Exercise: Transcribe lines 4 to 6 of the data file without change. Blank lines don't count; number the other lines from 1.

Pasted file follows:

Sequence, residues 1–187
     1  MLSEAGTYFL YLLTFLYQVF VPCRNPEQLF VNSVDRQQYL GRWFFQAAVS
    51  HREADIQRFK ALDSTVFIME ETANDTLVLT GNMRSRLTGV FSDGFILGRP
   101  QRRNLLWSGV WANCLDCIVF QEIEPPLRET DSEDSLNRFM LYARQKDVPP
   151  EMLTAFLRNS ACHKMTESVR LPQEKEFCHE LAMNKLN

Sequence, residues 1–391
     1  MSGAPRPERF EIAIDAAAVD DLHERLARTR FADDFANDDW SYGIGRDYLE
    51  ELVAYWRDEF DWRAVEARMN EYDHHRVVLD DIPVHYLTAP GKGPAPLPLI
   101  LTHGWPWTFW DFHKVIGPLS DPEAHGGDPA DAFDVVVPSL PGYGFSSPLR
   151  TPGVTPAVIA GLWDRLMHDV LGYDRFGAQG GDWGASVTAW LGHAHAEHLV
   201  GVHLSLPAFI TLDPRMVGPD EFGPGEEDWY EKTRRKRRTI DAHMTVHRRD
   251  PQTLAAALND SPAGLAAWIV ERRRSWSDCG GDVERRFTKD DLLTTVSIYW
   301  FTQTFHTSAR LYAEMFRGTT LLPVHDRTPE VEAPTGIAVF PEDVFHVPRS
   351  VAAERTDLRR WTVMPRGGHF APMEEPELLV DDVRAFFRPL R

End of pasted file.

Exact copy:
   101  QRRNLLWSGV WANCLDCIVF QEIEPPLRET DSEDSLNRFM LYARQKDVPP
   151  EMLTAFLRNS ACHKMTESVR LPQEKEFCHE LAMNKLN

Sequence, residues 1–391